Prayer Points

29 Jun 2011
  • Praise God that language learning with Grace is going ok.
  • Please pray that I will be able to make some Malawian friends.
  • Praise God that I managed to get a dog (Moya). She is a cross local dog and Rottweiler and a very loyal guard dog.
  • Please pray that I will have no problems getting hold of the medications I need. They do have some in stock in Malawi but please pray they will have a regular supply.
  • Please pray that the diesel shortage will be over so that HOPE for AIDS can continue to work in the villages.

You're from Nebraska? Like Peru, Nebraska?

18 May 2011

It used to be when Peruvians asked us where we were from and we said, "Nebraska", they would reply, "It's really cold there, right?" mistaking Nebraska for Alaska. That all changed about 2 weeks ago. Now they say, "Like Peru, Nebraska?!" This should strike you as odd, as Peru, Nebraska has 569 inhabitants, and is one of only 3 towns in Nebraska that I haven't personally visited. But a month ago, Marca Perú, a promotional company decided to send a group of big name celebrities to Peru, Nebraska to make a video of them teaching the Peru locals how to act more Peruvian. It's quite entertaining, at least to us. While visiting a fellow missionary's church in Lima on Sunday, I was even introduced as being from Nebraska to give me some automatic cachet.

What we did today

23 Mar 2011

After dropping the kids off at school, and my morning swim, I started digging through the paperwork that piled up on my desk in the week I was in the USA. I had Skype conferences with a nurse in Florida, who will be coming in June for a medical campaign, and with the SIM International Personnel director, (former Peru missionary Helen Heron) about a Swiss couple applying to come to Peru. E***, a Peruvian planning to return to ministry in Asia, came for a meeting to discuss how SIM can help her logistically, and stayed for lunch. The afternoon included orthodontist appointments, buying school uniforms (We love school uniforms! No arguments about what to wear), and helping with German homework.

I'm so glad you did that! Now never do it again!

22 Mar 2011

Friday, while I was in the States, Dámaris, our secretary, had gone to the bus station to pick up a package. In it were the passports and official Peruvian ID cards for one of our families that is going on home assignment soon. In a rough part of town, 4 young men reached into the taxi and grabbed the parcel. "Oh no! The passports!" she thought, and got out of the taxi and chased after them yelling, "Please! In the name of God, give me back the passports!" She followed them around a city block enclosing a market full of stalls, which they ducked into. Another woman started running after them as well, and they gave her back the package, including Dámaris' camera, about $150 in cash and the passports! She only lost her coin purse that contained about $10. If she hadn't gotten the passports back, the missionaries would probably have missed their flight getting their paperwork all in order. We agreed that she will always keep passports in a special case hidden under her clothes from now on, and not chase down thugs!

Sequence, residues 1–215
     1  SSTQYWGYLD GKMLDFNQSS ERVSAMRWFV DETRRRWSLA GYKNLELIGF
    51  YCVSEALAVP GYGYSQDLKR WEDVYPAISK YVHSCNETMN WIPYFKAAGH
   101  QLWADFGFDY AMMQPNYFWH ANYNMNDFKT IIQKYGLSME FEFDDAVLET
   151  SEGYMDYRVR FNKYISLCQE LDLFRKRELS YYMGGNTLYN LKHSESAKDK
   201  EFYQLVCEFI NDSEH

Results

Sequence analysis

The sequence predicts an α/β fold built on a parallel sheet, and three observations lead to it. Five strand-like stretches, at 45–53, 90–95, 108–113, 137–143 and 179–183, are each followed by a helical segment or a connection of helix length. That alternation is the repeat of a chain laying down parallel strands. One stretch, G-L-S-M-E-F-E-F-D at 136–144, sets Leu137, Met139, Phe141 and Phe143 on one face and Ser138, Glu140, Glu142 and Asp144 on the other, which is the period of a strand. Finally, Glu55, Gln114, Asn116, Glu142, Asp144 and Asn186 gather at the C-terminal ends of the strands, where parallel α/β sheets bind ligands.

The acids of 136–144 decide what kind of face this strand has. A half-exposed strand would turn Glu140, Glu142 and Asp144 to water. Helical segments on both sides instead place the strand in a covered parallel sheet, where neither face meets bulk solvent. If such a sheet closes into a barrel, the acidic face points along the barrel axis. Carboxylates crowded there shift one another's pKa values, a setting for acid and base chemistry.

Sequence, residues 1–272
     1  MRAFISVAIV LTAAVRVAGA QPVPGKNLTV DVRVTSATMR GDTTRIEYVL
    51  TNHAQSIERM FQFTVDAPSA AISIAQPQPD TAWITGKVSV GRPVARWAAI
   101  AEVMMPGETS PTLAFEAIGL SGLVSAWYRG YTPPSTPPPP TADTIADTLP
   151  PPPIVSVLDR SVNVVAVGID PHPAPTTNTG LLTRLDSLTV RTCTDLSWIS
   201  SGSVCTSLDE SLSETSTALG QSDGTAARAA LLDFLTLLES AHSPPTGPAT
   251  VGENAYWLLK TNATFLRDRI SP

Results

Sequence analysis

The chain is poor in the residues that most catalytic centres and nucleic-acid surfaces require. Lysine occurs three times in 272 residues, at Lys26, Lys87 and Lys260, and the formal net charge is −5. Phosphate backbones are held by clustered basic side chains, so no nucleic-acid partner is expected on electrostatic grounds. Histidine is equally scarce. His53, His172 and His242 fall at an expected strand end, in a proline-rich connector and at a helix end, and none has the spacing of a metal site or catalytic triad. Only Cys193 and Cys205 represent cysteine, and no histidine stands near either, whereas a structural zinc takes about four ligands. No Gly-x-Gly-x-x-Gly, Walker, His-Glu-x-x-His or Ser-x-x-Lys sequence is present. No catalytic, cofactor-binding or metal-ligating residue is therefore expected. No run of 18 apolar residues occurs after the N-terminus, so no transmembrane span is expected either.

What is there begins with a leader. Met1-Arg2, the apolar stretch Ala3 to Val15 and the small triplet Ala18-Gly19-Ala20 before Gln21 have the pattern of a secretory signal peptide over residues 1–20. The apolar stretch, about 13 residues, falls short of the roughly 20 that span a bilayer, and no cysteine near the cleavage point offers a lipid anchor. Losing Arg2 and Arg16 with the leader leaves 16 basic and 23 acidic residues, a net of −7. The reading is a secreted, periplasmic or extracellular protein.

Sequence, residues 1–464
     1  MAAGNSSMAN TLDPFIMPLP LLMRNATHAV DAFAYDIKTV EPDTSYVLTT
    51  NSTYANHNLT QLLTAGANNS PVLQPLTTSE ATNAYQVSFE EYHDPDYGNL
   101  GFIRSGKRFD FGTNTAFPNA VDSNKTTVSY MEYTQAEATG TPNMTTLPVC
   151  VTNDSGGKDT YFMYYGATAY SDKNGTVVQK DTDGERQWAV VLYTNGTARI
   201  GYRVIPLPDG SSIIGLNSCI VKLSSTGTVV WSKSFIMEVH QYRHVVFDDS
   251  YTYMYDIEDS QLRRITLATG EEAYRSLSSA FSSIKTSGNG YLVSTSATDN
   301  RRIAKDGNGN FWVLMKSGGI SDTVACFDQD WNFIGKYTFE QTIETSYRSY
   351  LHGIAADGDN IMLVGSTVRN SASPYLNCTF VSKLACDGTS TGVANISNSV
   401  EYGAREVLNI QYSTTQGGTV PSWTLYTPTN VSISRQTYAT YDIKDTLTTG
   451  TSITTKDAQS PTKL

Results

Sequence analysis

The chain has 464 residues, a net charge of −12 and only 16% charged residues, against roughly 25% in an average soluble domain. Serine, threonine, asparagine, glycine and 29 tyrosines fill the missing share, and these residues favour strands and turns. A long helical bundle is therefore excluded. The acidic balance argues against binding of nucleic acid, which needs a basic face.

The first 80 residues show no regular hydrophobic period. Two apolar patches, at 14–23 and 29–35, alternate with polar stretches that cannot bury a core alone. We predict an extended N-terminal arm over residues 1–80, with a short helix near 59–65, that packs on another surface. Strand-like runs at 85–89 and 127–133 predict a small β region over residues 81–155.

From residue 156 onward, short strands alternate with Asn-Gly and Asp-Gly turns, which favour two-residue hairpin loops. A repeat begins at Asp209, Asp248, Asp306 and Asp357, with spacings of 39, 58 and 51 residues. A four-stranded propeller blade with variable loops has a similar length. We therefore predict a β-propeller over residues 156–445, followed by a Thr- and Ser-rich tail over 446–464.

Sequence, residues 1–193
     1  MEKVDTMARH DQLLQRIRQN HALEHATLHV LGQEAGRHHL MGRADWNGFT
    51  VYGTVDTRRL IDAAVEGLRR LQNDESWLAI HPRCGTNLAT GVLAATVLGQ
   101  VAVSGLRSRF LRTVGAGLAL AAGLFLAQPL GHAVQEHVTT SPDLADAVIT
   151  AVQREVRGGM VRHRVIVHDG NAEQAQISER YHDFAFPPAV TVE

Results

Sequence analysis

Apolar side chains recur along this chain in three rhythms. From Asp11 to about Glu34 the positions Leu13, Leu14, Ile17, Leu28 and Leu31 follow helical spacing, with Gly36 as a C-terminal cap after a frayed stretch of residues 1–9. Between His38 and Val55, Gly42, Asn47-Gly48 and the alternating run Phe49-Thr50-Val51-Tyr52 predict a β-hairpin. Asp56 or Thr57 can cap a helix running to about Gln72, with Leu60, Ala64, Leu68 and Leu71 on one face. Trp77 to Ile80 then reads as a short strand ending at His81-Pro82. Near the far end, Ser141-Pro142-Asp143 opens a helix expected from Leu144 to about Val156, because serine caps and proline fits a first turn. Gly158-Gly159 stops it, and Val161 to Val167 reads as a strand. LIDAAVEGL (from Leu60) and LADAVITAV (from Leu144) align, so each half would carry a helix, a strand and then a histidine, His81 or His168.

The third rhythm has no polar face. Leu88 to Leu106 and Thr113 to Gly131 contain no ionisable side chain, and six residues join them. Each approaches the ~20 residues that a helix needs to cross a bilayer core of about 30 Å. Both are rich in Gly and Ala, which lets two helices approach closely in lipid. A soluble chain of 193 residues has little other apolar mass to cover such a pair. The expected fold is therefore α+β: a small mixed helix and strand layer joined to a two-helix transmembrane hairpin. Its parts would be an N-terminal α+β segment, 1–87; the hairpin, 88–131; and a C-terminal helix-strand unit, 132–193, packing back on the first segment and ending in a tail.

Please Pray

19 Mar 2011

For Carlos, a taxi driver who recently accepted Christ. He gave me a ride home yesterday and asked about baptism, but more out of curiosity than a desire to do it himself. He seemed interested when I offered to study what the Bible says about baptism with him, but didn't give me a definite date to do so.

Amy got a new job!

17 Mar 2011

Actually, this is true. Don Wunderink was our mission bookkeeper, but he and his family are going to the States for home-assignment next month, so Amy has graciously agreed to take on his duties until he returns in January. It has been a challenge to learn a new system, and to use a Windows-based computer, but it has been a good challenge for her, as it is the first big project she's tackled where she has had to learn a lot of new things since her brain tumor in 2004.

What are the needs in Peru?

09 Feb 2011

There is currently a huge need in Peru. Peru, as with many other South American countries, has had times of political instability. In 1983 a Maoist group called the Shining Path attempted to take over the country and establish a communist state. There were numerous masacres and public killings. What this meant was the people lived in fear! God still used this time and in the ten years that the Shining Path operated, thousands, actually over a million people joined the Evangelical church.

So the evangelical church doubled in size going from 7% to almost 14% of population. As a result of this explosive growth there is a great need for training and discipleship, especially of young people. There are hundreds of young pastors that have only been a Christian for a short time themselves and have had no chance to do any training.

Village Church
photo by Lisa Fitzgerald

Though the country is 85% Roman Catholic, the beliefs of people are often interwined with old animistic religions. At times it is very ritualistic and given that Spanish Conquerers brought this religion by force - it's sometimes just a thin veneer over what people have always believed.

Read about why we feel that a University Student Ministry will address some of these needs. Also read about how the University Christians groups grew through the times of persecution.

Serving in Peru

05 Feb 2011

After spending two months on a short-term mission in Peru we saw the huge needs and felt that God could really use us in Peru.

Llama at Machu Pichu

When we got married we decided to do a short-term mission? Christine was happy to go anywhere. I immediately suggested Bolivia in South America. I had been to Bolivia on holiday twice before. I felt a connection with the people and thought that this was one of the most beautiful countries in the world with the Amazon jungles and the Andes mountains. I had also sponsored a child named Junior in Bolivia through Compassion.

We approached the mission organisation SIM (Serving in Mission) with our plans for spending a couple of months in Bolivia on a short-term mission. Most of the contacts that SIM Australia had were in Peru and we were asked if we'd be happy to go to Peru instead. Peru borders Bolivia and is similar in many ways. Bolivia is the poorest country in South America and Peru comes next. We said we were happy to go to Peru.

While in Peru, we stayed with missionaries in a small village called Cotahuasi (pronounced coat-ah-wah-see). It is here that we saw the huge needs in Peru. We felt that working in a University ministry would address some of these needs. Peru is also a country of great opportunity for the good news of Jesus. There is now an incredible openess to the gospel and the church in Peru seeks to make a difference in their community. It is a time of political stability. The village where we spent two months during our short-term mission was just fifteen years ago out of bounds for foreigners because of the Shining Path who operated in the area.